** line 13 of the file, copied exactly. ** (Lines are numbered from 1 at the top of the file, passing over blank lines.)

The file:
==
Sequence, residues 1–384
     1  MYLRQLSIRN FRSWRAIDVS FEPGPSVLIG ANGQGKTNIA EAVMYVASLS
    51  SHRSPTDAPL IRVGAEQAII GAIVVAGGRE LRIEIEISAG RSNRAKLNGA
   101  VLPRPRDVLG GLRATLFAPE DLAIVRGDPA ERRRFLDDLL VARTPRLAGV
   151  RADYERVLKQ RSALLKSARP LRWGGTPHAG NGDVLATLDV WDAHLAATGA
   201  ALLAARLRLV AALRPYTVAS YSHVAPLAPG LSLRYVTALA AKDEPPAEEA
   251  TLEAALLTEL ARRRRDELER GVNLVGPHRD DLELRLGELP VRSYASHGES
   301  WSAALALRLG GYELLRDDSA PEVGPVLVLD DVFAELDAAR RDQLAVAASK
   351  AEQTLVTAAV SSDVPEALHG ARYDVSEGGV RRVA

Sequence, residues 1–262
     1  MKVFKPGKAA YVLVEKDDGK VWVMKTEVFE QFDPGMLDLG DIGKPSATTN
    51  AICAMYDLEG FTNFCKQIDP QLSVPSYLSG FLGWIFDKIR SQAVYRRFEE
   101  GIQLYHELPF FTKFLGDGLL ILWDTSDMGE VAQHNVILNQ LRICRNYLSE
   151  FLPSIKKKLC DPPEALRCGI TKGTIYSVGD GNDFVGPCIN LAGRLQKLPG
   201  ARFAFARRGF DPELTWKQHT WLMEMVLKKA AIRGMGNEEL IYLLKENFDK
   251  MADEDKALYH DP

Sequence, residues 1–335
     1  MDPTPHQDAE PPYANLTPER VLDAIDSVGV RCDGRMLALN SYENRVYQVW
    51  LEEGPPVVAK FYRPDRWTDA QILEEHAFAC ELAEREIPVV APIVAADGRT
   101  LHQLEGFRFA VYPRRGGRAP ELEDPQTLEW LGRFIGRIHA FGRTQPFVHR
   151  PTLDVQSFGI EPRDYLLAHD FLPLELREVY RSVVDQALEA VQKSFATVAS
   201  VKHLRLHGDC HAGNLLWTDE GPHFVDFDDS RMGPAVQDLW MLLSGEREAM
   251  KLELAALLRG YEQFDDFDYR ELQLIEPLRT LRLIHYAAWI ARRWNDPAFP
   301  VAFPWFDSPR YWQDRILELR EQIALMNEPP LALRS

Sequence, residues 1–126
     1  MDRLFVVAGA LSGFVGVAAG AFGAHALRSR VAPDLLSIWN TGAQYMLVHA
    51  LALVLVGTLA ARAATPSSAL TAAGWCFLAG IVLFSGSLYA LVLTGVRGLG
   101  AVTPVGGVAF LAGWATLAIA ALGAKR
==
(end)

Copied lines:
   101  GIQLYHELPF FTKFLGDGLL ILWDTSDMGE VAQHNVILNQ LRICRNYLSE